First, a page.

Objective: To ascertain the extent to which neonatal analgesia was used in Australia for minor invasive procedures as an indicator of evidence-based practice in neonatology.
Methods: A cross-sectional telephone survey of hospitals in all Australian states and territories with more than 200 deliveries per year was carried out. Questions were asked regarding awareness of the benefits and the use of analgesia for minor invasive procedures in term and near term neonates. Analysis was undertaken according to state and territory, annual birth numbers and the level of neonatal nursery care available.
Results: Data were available from 212 of 214 eligible hospitals. Of the total respondents, 51% and 70% respectively were aware of the benefits of sucrose and breast-feeding for neonatal analgesia. Eleven per cent of units administered sucrose before venepuncture and 25% of units used breast-feeding. Ten per cent of units used sucrose before heel prick with 49% utilizing breast-feeding. Expressed breast milk was used in 10% of units. Analgesia was given less frequently before intravenous cannulation compared to venepuncture and heel prick. Awareness and implementation of neonatal analgesia varied widely in the states and territories. There was a trend for hospitals providing a higher level of neonatal care to have a greater awareness of sucrose as an analgesic (P < 0.0001) and the use of sucrose for venepuncture (P = 0.029), heel prick (P = 0.025) and intravenous catheter insertion (P = 0.013). Similar trends were found on analysis according to birth number of the maternity units. Smaller units had a greater usage of breast-feeding as an analgesic for heel prick (P = 0.017).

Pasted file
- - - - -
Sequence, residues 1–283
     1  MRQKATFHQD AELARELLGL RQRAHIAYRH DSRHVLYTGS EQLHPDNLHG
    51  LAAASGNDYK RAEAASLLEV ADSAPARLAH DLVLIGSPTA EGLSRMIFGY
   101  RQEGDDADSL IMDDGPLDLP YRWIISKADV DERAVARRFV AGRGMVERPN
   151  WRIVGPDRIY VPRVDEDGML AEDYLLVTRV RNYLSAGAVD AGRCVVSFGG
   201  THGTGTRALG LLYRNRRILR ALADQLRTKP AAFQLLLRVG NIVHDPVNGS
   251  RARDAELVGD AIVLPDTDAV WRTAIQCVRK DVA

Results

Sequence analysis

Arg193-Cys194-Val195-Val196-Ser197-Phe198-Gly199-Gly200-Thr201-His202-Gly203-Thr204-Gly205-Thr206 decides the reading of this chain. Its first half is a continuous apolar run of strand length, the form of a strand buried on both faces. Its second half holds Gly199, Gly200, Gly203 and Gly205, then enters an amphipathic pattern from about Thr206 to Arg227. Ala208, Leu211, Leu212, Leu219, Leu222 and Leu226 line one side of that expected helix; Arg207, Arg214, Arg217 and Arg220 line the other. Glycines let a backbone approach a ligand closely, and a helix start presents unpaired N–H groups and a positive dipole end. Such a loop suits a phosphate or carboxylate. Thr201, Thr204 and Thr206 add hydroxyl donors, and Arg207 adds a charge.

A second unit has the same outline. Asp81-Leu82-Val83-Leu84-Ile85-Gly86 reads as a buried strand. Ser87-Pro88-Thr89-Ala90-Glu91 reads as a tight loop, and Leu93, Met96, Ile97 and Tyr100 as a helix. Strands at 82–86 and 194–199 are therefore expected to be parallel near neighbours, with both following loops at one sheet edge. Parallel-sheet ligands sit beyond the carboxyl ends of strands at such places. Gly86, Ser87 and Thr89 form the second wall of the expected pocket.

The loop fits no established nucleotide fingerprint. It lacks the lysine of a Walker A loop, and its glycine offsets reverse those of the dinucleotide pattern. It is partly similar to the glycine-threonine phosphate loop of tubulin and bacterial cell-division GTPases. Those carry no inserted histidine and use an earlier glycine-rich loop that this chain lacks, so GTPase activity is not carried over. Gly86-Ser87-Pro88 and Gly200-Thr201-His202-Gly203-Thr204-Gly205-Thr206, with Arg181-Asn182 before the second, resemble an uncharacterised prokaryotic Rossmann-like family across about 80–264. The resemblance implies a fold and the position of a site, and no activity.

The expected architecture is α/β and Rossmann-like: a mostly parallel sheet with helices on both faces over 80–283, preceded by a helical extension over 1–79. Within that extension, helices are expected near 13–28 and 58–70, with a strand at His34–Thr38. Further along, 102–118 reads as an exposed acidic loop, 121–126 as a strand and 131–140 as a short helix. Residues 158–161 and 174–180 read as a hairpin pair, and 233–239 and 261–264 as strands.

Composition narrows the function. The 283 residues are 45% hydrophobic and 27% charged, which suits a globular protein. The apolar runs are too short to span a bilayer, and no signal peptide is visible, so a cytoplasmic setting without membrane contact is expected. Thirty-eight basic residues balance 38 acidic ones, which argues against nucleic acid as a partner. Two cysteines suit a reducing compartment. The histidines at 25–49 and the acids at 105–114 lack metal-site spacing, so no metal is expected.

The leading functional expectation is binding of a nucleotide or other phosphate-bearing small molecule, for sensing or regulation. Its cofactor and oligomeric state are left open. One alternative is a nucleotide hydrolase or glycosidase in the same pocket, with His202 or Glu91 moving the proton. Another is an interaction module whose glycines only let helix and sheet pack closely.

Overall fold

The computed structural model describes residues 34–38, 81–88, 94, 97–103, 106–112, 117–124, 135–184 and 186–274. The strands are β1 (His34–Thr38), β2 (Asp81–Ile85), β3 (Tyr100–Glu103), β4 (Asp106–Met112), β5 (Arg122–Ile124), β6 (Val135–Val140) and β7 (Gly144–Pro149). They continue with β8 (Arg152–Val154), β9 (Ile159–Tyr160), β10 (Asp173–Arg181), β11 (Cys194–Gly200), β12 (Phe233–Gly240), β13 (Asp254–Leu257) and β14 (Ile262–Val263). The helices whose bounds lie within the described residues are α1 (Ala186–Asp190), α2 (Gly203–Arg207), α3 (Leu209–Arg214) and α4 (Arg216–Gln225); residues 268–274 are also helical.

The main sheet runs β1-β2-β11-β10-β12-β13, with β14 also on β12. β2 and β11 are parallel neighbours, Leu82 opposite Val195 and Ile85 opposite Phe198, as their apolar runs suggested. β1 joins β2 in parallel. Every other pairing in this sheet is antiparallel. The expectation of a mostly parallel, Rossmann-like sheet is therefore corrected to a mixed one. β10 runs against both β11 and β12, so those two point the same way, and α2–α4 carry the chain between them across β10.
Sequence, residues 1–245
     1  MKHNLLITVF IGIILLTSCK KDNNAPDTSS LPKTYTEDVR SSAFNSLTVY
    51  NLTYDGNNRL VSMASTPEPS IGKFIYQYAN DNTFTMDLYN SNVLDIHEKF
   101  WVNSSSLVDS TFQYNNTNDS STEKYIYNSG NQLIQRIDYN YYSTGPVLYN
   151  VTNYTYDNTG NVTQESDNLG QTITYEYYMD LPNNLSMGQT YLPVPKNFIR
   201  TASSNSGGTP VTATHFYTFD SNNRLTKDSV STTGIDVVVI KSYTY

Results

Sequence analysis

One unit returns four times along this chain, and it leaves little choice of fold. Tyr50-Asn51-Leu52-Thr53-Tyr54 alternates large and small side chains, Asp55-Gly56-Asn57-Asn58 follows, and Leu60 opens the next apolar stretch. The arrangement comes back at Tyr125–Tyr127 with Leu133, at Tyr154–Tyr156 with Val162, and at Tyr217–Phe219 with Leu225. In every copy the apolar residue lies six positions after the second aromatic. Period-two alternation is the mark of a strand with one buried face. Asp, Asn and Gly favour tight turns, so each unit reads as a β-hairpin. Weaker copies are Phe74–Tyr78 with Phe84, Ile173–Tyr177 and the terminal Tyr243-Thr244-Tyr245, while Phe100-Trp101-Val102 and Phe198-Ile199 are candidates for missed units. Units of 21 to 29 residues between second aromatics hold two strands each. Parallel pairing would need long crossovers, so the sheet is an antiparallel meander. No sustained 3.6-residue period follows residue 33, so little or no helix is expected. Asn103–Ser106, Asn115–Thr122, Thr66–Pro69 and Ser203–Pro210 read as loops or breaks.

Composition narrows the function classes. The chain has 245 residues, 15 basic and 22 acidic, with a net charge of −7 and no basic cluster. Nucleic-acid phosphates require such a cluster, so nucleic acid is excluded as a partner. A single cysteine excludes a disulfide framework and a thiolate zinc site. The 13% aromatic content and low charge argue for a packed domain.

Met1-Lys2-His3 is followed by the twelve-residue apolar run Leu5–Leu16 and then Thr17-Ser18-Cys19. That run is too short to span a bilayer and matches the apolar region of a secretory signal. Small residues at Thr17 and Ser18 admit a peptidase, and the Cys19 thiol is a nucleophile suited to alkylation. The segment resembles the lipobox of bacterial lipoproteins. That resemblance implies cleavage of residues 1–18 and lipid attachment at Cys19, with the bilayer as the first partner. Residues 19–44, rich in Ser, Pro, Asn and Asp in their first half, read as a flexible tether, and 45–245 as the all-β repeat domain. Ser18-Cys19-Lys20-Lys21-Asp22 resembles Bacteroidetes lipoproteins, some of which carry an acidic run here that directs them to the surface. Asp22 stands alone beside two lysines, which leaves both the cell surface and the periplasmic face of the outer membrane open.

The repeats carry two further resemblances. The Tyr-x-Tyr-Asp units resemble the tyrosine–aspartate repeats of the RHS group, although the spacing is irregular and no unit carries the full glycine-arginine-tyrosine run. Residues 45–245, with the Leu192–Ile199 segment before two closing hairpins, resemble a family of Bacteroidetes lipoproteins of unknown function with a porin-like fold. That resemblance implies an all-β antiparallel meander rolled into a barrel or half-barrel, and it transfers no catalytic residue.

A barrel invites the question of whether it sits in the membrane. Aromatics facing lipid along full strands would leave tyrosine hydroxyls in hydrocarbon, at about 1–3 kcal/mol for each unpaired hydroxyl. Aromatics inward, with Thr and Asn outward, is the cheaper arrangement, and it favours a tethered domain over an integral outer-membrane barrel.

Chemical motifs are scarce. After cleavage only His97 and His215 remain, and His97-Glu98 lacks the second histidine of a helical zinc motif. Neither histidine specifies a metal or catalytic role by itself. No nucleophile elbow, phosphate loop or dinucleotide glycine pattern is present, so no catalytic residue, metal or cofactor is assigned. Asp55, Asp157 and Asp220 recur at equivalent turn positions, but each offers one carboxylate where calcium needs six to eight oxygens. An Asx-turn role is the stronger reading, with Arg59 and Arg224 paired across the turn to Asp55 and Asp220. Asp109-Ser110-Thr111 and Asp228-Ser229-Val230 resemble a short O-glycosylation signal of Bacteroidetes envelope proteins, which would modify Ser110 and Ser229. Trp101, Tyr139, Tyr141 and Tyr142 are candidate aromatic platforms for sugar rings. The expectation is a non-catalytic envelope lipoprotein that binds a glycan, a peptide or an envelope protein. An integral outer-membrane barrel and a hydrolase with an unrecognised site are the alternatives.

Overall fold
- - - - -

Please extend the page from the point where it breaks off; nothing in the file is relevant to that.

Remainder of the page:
Conclusion: Despite good evidence for the administration of sucrose and breast milk in providing effective analgesia for newborn infants, it is not widely used in Australia. It is imperative that the gap between research findings and clinical practice with regard to neonatal analgesia be addressed.